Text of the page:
In Real World Haskell, Chapter 28, Software transactional memory, a concurrent web link checker is developed. It fetches all the links in a webpage and hits every once of them with a HEAD request to figure out if the link is active. A concurrent approach is taken to build this program and the following statement is made:
We can't simply create one thread per URL, because that may overburden either our CPU or our network connection if (as we expect) most of the links are live and responsive. Instead, we use a fixed number of worker threads, which fetch URLs to download from a queue.
I do not fully understand why this pool of threads is needed instead of using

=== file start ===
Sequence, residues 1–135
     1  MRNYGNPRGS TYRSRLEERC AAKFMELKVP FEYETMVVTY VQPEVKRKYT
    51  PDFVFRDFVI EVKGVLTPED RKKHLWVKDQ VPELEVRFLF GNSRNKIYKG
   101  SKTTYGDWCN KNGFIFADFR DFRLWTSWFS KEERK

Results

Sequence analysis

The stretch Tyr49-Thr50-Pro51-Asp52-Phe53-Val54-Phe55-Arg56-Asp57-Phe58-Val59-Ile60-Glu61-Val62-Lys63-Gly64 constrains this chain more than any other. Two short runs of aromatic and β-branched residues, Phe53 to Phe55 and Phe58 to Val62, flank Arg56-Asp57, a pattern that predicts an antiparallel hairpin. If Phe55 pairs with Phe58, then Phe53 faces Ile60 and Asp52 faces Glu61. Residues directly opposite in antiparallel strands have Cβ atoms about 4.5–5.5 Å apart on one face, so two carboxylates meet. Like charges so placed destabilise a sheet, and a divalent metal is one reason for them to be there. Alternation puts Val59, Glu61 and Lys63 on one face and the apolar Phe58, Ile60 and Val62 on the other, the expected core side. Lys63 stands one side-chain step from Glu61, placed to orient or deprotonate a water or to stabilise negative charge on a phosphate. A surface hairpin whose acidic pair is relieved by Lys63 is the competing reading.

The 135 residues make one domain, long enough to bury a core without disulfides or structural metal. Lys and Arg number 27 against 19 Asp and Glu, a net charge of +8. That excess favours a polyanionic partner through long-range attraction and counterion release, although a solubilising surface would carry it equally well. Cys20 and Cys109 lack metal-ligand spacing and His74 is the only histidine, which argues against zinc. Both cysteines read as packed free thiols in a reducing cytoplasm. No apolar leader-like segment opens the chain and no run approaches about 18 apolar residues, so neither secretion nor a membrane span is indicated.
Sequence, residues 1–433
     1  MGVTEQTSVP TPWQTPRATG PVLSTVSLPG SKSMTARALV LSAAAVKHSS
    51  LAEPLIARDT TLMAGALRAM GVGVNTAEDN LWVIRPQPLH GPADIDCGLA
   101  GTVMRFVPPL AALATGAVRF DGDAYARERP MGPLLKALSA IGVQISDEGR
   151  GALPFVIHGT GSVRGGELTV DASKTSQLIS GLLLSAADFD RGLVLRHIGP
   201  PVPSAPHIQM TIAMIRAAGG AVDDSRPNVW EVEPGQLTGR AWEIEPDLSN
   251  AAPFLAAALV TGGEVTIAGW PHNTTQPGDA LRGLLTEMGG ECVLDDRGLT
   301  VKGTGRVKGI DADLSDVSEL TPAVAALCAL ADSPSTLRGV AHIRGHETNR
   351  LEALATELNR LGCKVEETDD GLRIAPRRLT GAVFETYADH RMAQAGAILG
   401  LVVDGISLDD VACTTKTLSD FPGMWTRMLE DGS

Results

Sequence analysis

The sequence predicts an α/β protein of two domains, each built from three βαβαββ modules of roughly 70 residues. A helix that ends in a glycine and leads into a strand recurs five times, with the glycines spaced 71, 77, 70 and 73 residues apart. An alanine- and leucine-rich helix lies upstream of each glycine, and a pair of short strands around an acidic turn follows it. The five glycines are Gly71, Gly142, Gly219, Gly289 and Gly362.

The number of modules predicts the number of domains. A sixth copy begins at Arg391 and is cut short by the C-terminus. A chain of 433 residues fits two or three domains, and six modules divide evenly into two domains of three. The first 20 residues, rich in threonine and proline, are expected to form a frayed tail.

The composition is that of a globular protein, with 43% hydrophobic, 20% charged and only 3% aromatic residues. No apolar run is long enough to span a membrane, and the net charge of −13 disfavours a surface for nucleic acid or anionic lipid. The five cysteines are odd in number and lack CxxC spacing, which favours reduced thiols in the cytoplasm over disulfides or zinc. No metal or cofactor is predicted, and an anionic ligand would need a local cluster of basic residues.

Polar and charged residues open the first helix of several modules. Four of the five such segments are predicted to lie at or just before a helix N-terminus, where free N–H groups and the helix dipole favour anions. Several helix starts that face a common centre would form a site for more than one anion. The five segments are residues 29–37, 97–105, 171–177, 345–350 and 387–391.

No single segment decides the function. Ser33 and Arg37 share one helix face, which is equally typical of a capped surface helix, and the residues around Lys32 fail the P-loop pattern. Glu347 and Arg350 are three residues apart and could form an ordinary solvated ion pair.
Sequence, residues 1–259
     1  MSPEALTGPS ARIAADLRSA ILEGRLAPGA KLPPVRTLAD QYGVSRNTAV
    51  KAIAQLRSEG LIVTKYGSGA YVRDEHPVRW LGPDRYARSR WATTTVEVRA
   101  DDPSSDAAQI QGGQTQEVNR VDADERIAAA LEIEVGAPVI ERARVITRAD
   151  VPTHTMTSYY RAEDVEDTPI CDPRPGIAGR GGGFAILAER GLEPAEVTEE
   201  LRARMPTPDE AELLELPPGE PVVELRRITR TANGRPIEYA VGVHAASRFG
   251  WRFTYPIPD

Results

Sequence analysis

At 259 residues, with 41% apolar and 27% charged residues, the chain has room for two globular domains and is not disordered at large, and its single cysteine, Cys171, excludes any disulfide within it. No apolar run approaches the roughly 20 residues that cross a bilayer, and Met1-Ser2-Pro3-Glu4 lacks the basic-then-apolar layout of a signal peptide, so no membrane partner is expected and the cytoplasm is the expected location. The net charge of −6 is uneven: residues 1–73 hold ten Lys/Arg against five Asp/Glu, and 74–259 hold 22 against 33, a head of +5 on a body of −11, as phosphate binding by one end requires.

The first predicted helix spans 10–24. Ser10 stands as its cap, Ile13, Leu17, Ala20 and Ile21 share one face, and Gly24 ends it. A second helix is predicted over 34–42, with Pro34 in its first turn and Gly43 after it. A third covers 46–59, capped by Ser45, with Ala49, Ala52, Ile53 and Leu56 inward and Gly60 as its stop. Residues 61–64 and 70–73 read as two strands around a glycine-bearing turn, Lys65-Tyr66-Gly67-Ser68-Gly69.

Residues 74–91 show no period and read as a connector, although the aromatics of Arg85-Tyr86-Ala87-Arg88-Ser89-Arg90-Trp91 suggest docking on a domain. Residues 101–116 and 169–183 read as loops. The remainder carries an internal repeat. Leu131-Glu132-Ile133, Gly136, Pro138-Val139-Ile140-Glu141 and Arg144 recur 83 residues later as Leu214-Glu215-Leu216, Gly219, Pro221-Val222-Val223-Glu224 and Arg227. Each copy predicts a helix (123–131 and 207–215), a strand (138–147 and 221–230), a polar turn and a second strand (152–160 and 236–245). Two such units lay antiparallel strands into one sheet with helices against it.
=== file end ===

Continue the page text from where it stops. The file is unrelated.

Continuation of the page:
forkIO for each link. AFAIK, the Haskell runtime maintains a pool of threads and schedules them appropriately so I do not see the CPU being overloaded. Furthermore, in a discussion about concurrency on the Haskell mailing list, I found the following statement going in the same direction:
The one paradigm that makes no sense in Haskell is worker threads (since the RTS does that for us); instead of fetching a worker, just forkIO instead.
Is the pool of threads only required for the network part or there is a CPU reason for it too?